Journal of the Department of Agriculture, Western Australia, Series 3


Plantagenet soils, Grain production.

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Plantagenet peaty soils - F. E. Ryan

Visitors to the south coast appreciate the colourful bottlebrush growing along the flats and many ask why this land is not used for farming. The reason is that they are part of the Plantagenet peaty sand series and these are problem soil types. These soils are very acid, sandy and peaty, they are poorly drained and may even be under water during the winter months. They contain a mass of fibrous roots in the top 8 to l0in. and this fibrous material will not rot down even when fully cultivated. The sand is greasy and does not wet easily. Even after six inches of rain the soil may have a dry band iin. below the surface even though there is a free water table five inches below.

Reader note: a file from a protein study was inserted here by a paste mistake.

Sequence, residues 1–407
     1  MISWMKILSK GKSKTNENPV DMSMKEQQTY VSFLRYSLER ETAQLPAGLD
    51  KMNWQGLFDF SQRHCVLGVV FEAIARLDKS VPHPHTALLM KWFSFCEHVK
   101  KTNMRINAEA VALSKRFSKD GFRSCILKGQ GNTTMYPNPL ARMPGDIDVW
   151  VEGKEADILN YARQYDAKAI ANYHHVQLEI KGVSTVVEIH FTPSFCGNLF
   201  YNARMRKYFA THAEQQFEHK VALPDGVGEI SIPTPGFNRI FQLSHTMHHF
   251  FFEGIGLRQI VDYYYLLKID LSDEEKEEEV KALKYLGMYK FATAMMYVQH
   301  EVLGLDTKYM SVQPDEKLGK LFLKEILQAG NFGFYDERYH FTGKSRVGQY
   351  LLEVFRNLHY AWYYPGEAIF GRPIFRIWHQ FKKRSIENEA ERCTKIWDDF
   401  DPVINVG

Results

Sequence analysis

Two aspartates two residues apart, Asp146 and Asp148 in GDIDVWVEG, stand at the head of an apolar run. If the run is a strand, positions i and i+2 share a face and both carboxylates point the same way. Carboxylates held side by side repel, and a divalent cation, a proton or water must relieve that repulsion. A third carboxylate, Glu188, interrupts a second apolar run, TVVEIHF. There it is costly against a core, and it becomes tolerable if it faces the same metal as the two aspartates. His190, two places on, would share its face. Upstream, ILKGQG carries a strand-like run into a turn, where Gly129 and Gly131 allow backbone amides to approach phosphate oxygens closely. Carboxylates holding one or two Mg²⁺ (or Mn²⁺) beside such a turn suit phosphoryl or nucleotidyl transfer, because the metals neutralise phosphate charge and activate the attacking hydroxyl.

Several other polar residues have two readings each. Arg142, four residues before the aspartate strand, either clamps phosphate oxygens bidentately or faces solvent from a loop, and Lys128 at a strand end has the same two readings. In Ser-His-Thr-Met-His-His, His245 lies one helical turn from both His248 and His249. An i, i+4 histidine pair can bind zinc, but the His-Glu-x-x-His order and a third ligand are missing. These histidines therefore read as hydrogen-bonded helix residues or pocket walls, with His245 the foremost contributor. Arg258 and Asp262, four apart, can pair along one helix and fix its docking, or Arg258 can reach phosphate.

Higher grain production - H. M. Fisher

There is in evidence at the present time that, in the cereal areas, falls in returns from wool can best be offset by greater emphasis on cereal grain production. This is in fact an expression of the versatile nature of farming in these areas today.